Click here for a free download of Hardie diagrams that can be used in home inspection reports

In the Pacific Northwest, fiber cement siding has been an excellent replacement and upgrade over many of the 1990’s era siding products which proved to be little more than disposable siding systems. Fiber cement is arguably better and more reliable than many of our traditional siding materials in this climate. Stocks of old growth lumber are long gone and other traditional siding materials such as brick and stucco are expensive and installation sensitive.

Fiber cement siding started taking over the exterior residential siding market in this region beginning in the 2000’s. The James Hardie Corporation is the leading manufacturer of this product here and the siding is commonly referred to as Hardie Plank.

Hardie Plank siding is cement board with a small percentage of wood fiber used to bond the cement together. If you wrap on this product with a screwdriver it sounds hard like cement and it is remarkably resistant to cupping, splitting, decay, and wood destroying organisms.

The Devil is in the Installation Details

Despite its success, fiber cement siding must be installed correctly, especially where it is exposed to the weather. Like all siding systems, the devil is in the details. Siding systems generally fail where they start, stop and change direction and Hardie Plank is no exception. How the siding is flashed around a window or against a patio or at a roof to wall juncture can distinguish success from failure. Below are a few common installation defects you will see on Hardie Plank installations along with some description as to the cause and severity of the defect.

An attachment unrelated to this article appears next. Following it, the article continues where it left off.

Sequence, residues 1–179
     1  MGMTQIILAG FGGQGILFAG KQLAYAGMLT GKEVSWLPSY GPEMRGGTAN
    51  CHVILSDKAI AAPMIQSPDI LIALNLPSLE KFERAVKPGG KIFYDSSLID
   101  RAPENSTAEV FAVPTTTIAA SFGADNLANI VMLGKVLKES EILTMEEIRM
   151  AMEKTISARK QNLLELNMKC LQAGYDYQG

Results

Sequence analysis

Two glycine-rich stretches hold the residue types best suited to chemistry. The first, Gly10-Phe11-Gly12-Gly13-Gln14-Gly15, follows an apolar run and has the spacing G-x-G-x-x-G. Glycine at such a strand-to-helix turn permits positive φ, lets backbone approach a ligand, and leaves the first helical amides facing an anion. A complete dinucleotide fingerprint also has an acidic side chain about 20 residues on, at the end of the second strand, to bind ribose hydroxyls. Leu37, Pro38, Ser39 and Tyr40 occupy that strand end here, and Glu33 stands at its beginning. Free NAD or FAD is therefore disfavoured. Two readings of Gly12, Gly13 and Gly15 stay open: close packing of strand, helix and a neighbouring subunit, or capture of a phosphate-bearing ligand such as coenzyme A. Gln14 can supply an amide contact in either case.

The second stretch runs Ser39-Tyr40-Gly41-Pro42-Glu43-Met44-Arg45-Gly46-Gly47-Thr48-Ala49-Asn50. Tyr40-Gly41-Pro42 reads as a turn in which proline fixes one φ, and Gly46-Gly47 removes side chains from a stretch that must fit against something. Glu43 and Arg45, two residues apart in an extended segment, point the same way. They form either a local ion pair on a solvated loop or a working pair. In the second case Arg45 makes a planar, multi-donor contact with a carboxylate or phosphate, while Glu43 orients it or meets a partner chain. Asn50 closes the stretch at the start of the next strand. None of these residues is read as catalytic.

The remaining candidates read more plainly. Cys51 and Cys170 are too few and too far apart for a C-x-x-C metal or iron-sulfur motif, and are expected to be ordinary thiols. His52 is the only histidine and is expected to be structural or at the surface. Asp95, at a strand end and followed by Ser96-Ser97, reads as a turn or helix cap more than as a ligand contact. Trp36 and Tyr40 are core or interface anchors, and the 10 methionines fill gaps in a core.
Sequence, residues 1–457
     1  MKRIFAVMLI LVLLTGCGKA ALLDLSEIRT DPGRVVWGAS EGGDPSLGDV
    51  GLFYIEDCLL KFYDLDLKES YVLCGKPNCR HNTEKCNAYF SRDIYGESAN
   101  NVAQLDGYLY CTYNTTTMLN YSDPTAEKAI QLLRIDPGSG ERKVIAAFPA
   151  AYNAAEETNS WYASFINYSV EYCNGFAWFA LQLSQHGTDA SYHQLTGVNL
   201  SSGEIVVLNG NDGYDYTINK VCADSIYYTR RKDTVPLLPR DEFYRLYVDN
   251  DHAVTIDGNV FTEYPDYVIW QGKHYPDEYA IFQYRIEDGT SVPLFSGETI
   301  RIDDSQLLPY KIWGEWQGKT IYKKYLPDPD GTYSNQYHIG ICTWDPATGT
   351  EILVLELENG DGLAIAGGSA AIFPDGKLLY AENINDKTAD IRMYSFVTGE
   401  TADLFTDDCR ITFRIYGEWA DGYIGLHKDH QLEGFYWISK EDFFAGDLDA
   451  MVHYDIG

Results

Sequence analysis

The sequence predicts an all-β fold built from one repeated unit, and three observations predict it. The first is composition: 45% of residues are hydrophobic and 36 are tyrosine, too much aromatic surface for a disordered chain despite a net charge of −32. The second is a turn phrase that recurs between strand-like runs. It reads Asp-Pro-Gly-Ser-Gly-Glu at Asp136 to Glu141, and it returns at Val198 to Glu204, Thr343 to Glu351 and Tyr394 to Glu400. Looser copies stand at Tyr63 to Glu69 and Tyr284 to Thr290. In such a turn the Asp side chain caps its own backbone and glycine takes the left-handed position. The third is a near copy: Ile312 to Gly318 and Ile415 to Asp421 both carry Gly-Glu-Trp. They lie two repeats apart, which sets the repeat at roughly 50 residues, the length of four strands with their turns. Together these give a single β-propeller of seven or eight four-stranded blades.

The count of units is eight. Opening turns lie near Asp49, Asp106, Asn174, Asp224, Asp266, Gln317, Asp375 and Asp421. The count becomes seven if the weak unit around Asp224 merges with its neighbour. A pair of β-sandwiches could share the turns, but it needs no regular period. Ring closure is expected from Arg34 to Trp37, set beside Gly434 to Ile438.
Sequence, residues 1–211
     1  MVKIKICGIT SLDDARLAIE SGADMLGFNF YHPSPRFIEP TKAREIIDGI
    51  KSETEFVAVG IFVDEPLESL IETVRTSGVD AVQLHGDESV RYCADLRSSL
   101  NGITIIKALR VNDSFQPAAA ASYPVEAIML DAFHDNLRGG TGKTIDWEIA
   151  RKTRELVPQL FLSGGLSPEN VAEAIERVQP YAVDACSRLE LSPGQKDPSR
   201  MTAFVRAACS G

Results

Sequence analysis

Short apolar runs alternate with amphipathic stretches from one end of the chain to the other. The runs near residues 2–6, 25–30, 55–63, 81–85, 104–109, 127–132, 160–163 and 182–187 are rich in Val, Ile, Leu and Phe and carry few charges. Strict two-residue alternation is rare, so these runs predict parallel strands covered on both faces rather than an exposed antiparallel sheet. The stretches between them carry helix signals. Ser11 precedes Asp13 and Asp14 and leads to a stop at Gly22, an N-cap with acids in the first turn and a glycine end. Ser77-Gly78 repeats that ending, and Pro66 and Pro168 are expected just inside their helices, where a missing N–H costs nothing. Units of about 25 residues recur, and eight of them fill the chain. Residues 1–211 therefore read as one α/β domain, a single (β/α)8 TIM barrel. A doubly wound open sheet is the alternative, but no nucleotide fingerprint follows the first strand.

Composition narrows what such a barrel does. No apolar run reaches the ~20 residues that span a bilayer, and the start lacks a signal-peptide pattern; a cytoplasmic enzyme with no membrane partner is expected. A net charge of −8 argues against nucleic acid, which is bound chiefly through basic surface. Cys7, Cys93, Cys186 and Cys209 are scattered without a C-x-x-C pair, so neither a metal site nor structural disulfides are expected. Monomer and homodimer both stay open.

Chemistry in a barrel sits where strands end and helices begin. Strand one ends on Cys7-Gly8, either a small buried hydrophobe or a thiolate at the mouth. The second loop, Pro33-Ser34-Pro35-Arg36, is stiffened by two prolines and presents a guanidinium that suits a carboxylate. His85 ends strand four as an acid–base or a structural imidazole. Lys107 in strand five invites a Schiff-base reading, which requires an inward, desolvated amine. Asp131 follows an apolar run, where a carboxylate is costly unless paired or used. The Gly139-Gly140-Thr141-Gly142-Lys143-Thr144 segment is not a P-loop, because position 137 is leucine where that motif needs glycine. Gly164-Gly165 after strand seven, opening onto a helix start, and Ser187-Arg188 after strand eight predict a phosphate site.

It is important to note that most fiber cement installations fall short of manufacturer’s installation requirements. Some of the defects we uncover as home inspectors are not going to be feasible or cost-effective to correct, such as the configuration below where a concrete patio was poured on top of the siding. Other defects are easily repairable. The inherent subjectivity of the urgency and need to repair these defects can be difficult to convey to homeowners and home buyers during a home inspection. I hope this article helps shed some useful light on this subject.

Examples of Installation Defects and Language for Describing and Reporting On Them

Example 1 shows a Hardie diagram of the proper detail at the roof to wall juncture. The photo on the right shows an incorrect installation. This often happens because the gutter installers are unfamiliar with the siding installation requirements and the roofers and siding installers do not adequately communicate how their various parts of the job will come together.  In this case, water can run behind the siding and cause water damage and water can be trapped between the gutter and the siding and damage the siding. The kick out flashing is very fixable and should be repaired as soon as possible. The proximity of the gutter to the siding is not ideal, but maybe not worth correcting at this time.

This Hardie diagram shows the correct detail
This shows missing kick out flashings at the roof to wall juncture as well as the gutter installed too close to the siding